At 20 years, 85 days, Fernando Tatis Jr. is the youngest San Diego Padres player to play on opening day and the youngest to play in a game since Roberto Alomar in 1988. He is the fifth-youngest Padres player ever.
The son of the former major leaguer said he was prepared to start the season in the minor leagues, but was told on Tuesday afternoon that he’d made the big league roster.
“I was going to be honest. I told my dad, my head was in the minor leagues. If they sent me down, I was not surprised. If they called me up, it was going to be a big surprise,” the younger Tatis said before the Padres played the San Francisco Giants on opening day. Tatis Jr. batted sixth and started at shortstop, next to offseason free agent acquisition Manny Machado at third base.
His father, mother and siblings made the trip from the Dominican Republic for opening day.
— Bernie Wilson reporting from San Diego.
Bryce Harper wore green Phanatic cleats as he jogged out of the dugout to a standing ovation when he was introduced for the first time as a member of the Philadelphia Phillies.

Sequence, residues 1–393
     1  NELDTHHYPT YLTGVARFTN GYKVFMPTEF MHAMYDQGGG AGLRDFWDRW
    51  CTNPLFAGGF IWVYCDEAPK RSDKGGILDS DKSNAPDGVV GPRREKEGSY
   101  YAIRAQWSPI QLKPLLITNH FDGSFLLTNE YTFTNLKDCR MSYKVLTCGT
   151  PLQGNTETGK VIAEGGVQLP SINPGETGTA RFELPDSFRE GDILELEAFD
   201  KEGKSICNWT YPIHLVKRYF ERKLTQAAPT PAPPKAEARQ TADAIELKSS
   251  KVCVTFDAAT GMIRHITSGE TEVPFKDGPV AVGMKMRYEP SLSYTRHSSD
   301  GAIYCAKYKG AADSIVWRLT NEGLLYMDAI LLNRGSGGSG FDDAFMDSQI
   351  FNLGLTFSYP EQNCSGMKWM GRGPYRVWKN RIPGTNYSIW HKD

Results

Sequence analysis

Harper signed a $330 million, 13-year contract with the Phillies and hit third and played right field in the opener against the Atlanta Braves.
Harper walked into the ballpark wearing a black T-shirt that read “Phan Fiction” made by South Fellini that featured Philly mascots the Phanatic and Gritty in a “Pulp Fiction” homage. Fans slammed the website and caused it to temporarily crash, and by the time it was up, the shirt was sold out.